'Black Panther: The Album' Review: Unprecedented and Uncompromising

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Of all the Marvel Cinematic Universe films so far, six have soundtracks apart from their scores. Guardians of the Galaxy Vol. 1, GOTG Vol. 2, and Iron Man 2 had soundtracks solely featuring previously released music, while Black Panther joins The Avengers and Iron Man 3 as the three that feature contemporary music. The Avengers soundtrack, while lively, was so innocuous and uninspired I completely forgot it existed until doing research for this review, while Iron Man 3's was a little closer to what the kids are listening to these days — but Black Panther: The Album is another beast entirely. There's a reason why everyone's talking about this record. Black Panther: The Album is, simply put, unprecedented.

black panther: the album

First, it seems straight-up miraculous that this is a hard-E-for-Explicit record associated with a Disney brand. MCU films are decidedly chaste and firmly PG-13, with little sensuality or profanity except in a giggly sort of way. But this… is not that. Uncompromisingly authentic, Black Panther: The Album offers an inexplicable bridge between mainstream movie culture and the unshackled vigor of contemporary hip-hop artistry. It looks like our Disney Overlords are more adaptable than we give them credit for.

Black Panther director Ryan Coogler told NPR that he approached 12-time Grammy winner Kendrick Lamar in early 2017 about contributing to the soundtrack, and Lamar came in planning to cut just a few songs. But once Coogler showed him some of the film, the next thing Coogler knew, Lamar and his label (Top Dawg Entertainment) had taken the reins of the entire project. No doubt the soundtrack would have still been impressive if this hadn't happened (see: the soundtrack for Coogler's Creed), but Lamar's hand ended up transcending it to a whole different level.

'Black Panther: The Album' Review: Unprecedented and Uncompromising
Coogler (L) and Lamar (R). Credit: Gage Skidmore, Kathy Hutchins / Shutterstock.com

This is not just a soundtrack. This is, as advertised, an album. As curator, Lamar worked closely with all featured artists to create a cohesive whole; something carefully and lovingly crafted with the aim to bring out the unique passion and ingenuity of each contributor.

An unprecedented soundtrack for an unprecedented film.

Black Panther: The Album opens to a controlled cacophony of swelling strings and African-style drums in 'Black Panther' from curator Kendrick Lamar, and for a moment it seems we're in for a spirited tribal romp — until the sound cuts out entirely. "Wait," Lamar utters, hinting that it won't be that simple. Over sustained, distant piano notes, Lamar royally sets the stage for the following tracks. "King of my city, king of my country, king of my homeland," he says with unmatched ferocity. And when his sermon ends, "I am T'Challa." This is most definitely a Black Panther album.

First single 'All the Stars' from Lamar and star-bound R&B artist SZA is nothing less than a modern hip-hop anthem. It's been stuck in my head for weeks, and I'm not even mad about it. I'd bet this is the track we'll hear flowing out of the theater speakers once the credits start to roll.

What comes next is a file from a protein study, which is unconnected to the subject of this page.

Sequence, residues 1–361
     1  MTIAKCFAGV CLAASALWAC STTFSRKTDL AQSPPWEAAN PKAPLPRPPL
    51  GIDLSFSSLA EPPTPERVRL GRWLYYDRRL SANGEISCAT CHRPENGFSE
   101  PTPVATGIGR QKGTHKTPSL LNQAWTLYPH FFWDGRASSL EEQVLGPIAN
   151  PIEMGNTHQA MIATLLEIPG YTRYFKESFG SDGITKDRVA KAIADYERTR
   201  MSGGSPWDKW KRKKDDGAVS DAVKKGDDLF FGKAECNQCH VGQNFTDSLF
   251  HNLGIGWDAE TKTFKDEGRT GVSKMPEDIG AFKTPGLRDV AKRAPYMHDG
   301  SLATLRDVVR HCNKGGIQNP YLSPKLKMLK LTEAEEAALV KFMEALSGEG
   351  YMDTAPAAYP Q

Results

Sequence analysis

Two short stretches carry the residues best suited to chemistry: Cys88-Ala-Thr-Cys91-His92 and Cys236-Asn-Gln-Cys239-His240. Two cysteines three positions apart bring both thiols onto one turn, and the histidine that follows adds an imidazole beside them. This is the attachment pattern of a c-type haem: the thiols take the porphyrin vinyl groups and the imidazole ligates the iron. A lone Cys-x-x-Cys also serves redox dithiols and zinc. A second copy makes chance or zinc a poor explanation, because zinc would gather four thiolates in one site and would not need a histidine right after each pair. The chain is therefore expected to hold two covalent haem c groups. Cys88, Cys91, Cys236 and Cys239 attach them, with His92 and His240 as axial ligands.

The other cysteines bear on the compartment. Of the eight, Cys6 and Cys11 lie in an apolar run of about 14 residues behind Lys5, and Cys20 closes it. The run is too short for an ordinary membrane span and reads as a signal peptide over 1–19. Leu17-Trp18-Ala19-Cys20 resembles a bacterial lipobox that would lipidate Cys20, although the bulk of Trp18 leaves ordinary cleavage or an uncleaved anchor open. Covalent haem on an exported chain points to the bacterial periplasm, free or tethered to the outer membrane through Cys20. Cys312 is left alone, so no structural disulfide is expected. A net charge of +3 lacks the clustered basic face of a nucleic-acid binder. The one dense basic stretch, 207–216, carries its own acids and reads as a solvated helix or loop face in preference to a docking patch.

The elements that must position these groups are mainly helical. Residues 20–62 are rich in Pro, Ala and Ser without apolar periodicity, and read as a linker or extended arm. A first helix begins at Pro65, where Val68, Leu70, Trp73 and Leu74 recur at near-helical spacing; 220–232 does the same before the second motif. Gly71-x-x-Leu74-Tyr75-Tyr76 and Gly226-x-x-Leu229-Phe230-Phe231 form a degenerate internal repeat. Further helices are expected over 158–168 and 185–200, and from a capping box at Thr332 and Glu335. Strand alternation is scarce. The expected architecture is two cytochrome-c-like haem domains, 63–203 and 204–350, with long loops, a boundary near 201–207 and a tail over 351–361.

The album is largely made up of deadly club tracks ('X','Opps', 'Paramedic!') interweaved with more low-key, smooth sounds ('The Ways', 'I Am') that all come together to produce a well-balanced and tonally fluid set of songs.

Lamar also made sure to bring on a number of South African artists (Yugen Blakrok, Babes Wodumo, and Sjava) to create a feel for T'Challa's ancestry and add a unique authenticity to the album's overall sound. Black Panther: The Album doesn't abandon the material that inspired it, either; most tracks are a seamless blend of the themes present throughout the film and the topics close to each artist's heart.

A couple songs don't land as well as most, seeming unfocused, second single 'King's Dead' being an example of this. But Lamar's last verse on the track is absolutely killer, written from the perspective of Michael B. Jordan's vicious Erik Killmonger, who aims to dethrone T'Challa in the film. Just one of the album's many rah-rah nods to the source material.

Lamar and The Weeknd's 'Pray for Me' — another contender for the end-credits spot — closes out the album with another addictive beat and The Weeknd's signature lilting croon. It harks back to some of the Weeknd's more inventive singles — you'll be humming this one long after the song ends and the album comes to a close.

Black Panther: The Album isn't here to educate, placate, or to be accessible. It is an unapologetic, triumphant celebration of black culture and the vast, dynamic histories of a vibrant continent. It's also a tightly produced, energetic, rousing ride — that just happens to be inspired by a comic book superhero. Ardent music lovers and pure geeks alike can find much to love here.

> In the car on a nighttime drive.
> In a dark room while getting frisky.

> When you're feeling powerless — or powerful.

> Spotify, iTunes, Amazon

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About Haley Rose-Lyon

Bleeding Cool Assistant Editor and occasional writer of things. Nice Guy™.
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